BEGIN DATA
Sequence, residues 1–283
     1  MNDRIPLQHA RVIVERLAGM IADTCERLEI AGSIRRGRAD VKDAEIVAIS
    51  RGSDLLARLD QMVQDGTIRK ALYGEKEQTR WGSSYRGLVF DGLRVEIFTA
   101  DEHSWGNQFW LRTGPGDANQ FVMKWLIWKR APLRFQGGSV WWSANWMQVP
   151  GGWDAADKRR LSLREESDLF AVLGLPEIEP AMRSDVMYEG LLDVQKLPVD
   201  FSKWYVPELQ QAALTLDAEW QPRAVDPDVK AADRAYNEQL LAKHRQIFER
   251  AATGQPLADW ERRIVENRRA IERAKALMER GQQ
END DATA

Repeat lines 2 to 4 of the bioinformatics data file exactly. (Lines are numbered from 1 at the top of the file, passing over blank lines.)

     1  MNDRIPLQHA RVIVERLAGM IADTCERLEI AGSIRRGRAD VKDAEIVAIS
    51  RGSDLLARLD QMVQDGTIRK ALYGEKEQTR WGSSYRGLVF DGLRVEIFTA
   101  DEHSWGNQFW LRTGPGDANQ FVMKWLIWKR APLRFQGGSV WWSANWMQVP